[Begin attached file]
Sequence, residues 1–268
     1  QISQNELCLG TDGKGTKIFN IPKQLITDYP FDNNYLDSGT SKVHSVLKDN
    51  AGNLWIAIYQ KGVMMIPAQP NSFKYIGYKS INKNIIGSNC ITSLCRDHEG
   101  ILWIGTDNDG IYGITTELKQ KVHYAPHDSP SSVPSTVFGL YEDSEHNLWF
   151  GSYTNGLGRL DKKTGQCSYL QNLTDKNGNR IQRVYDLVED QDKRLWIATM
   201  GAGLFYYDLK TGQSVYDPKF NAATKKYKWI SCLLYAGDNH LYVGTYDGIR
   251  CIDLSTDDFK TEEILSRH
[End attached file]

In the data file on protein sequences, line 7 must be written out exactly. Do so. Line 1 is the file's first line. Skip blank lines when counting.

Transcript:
   251  CIDLSTDDFK TEEILSRH